Surgical applications of ultrasound use in low- and middle-income countries: A systematic review

Sergio M. Navarro, Hashim Shaikh, Hodan Abdi, Evan J. Keil, Simisola Odusanya, Kelsey A. Stewart, Eugene Tuyishime, Dennis Mazingi, Todd M. Tuttle

Research output: Contribution to journalArticlepeer-review

1 Scopus citations


Background: Ultrasound is a portable technology able to deploy health care effectively in low resource settings. This study presents a systematic review to determine trends in the utility and applicability of this technology in low- and middle-income countries (LMIC), specifically for surgical applications. The review includes characterising and evaluating trends in the geographic and specialty-specific use of ultrasound pertaining to surgical disease. Methods: The databases such as Medline OVID, EMBASE and Cochrane were searched from 2010 through March 2019 for studies available in English, French and Spanish. Commentaries, opinion articles, reviews and book chapters were excluded. A categorical analysis of ultrasound use for surgical disease in LMICs was conducted. Results: A total of 6276 articles were identified, with 4563 studies included for the final review. A total of 221 studies were selected researching ultrasound use in LMICs to treat surgical disease. Most studies identified ultrasound usage focused on general surgery, acute care surgery and surgical ICU topics (52%, 115) followed by computed tomography surgery studies (20%, 44). Most studies were retrospective in nature, with 81% (180) of research studies generated in four countries (India, Pakistan, Nigeria and Egypt). Ultrasound proved to be a feasible technique for utility in pre-operative diagnosis, cost-effectiveness and prediction of surgical outcomes. Findings are limited by the limited number of randomised clinical trials reported. Conclusion and global health implications: Our systematic literature review of ultrasound use in LMICs demonstrates the growing utilisation of this relatively low-cost, portable imaging technology in low resource settings for surgical disease.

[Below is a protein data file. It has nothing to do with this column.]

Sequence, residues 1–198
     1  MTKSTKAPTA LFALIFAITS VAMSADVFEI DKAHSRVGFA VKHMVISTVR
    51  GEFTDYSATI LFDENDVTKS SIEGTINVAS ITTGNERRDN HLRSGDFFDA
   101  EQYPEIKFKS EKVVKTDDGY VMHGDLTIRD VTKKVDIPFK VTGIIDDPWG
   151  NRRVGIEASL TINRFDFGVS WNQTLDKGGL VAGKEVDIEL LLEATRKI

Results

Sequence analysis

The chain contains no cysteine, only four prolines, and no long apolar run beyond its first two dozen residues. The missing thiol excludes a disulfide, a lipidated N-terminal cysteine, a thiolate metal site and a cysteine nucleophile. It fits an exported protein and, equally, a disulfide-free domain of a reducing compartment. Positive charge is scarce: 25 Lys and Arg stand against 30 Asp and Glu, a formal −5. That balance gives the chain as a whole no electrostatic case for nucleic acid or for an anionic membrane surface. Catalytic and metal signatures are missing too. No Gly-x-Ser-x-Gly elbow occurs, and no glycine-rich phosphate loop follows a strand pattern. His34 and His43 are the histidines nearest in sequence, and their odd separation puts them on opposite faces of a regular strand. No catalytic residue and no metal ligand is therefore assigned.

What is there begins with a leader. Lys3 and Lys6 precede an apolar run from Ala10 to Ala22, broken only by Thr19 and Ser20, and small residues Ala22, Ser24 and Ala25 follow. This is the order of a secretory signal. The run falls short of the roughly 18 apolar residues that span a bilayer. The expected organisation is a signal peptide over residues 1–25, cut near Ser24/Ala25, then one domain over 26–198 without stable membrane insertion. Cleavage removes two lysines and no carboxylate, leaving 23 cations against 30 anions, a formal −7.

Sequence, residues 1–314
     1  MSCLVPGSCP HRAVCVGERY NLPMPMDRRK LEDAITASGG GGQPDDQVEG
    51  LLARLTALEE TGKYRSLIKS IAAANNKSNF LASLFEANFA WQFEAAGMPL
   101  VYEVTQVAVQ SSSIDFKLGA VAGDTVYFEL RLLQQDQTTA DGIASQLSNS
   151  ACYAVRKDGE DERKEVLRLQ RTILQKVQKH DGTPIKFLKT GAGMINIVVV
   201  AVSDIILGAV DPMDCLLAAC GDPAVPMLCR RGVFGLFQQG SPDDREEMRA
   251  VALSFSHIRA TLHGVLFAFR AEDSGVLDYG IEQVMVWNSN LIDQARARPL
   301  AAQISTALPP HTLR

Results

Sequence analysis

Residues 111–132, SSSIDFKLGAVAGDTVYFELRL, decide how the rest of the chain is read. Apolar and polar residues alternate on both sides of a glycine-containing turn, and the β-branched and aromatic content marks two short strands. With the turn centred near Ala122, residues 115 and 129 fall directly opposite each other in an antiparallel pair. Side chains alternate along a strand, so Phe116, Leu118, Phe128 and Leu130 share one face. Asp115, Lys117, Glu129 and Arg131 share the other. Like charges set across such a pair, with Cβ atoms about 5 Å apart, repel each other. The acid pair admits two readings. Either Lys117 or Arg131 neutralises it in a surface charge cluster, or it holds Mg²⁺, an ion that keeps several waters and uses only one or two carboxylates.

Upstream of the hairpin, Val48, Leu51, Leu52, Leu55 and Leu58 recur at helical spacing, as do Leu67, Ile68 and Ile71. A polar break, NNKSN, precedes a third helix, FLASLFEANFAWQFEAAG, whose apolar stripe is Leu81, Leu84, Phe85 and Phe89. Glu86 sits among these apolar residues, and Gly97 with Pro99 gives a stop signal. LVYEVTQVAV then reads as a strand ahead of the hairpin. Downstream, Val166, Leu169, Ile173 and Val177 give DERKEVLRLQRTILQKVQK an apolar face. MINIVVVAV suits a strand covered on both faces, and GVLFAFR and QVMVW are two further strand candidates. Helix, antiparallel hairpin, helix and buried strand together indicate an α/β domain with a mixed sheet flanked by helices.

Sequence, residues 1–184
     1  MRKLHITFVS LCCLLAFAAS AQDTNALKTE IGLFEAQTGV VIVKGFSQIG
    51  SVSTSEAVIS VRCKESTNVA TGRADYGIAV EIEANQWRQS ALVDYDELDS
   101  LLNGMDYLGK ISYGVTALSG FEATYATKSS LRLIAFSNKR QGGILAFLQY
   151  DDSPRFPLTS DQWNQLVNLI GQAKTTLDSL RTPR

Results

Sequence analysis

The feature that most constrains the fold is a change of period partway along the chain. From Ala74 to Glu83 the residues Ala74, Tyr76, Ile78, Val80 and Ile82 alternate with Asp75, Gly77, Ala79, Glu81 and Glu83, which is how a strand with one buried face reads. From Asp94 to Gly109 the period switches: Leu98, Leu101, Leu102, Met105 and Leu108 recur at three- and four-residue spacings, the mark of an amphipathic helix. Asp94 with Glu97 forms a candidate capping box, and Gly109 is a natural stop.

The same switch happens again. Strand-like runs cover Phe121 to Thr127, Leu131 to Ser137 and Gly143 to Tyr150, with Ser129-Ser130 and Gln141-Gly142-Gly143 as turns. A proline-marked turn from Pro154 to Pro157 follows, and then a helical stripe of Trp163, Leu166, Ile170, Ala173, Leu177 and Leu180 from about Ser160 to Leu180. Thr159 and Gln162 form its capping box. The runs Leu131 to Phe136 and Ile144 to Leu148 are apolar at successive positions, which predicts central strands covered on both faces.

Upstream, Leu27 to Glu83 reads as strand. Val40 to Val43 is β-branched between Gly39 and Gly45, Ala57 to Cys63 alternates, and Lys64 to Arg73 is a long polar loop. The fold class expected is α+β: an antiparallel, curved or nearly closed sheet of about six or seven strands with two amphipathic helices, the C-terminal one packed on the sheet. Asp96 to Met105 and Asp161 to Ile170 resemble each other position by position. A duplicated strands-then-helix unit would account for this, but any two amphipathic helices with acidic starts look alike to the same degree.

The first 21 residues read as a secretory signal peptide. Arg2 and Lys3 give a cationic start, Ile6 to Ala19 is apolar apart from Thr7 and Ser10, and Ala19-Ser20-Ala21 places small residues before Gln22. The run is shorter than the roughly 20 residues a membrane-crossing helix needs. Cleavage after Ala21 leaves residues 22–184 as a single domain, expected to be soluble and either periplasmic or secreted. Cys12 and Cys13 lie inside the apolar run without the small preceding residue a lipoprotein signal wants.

Original languageEnglish (US)
Pages (from-to)80-97
Number of pages18
JournalAustralasian Journal of Ultrasound in Medicine
Issue number2
StateAccepted/In press - Jun 2022

Bibliographical note

Publisher Copyright:
© 2022 Australasian Society for Ultrasound in Medicine.


  • LMICs
  • surgery
  • systematic review
  • ultrasound

PubMed: MeSH publication types

  • Journal Article


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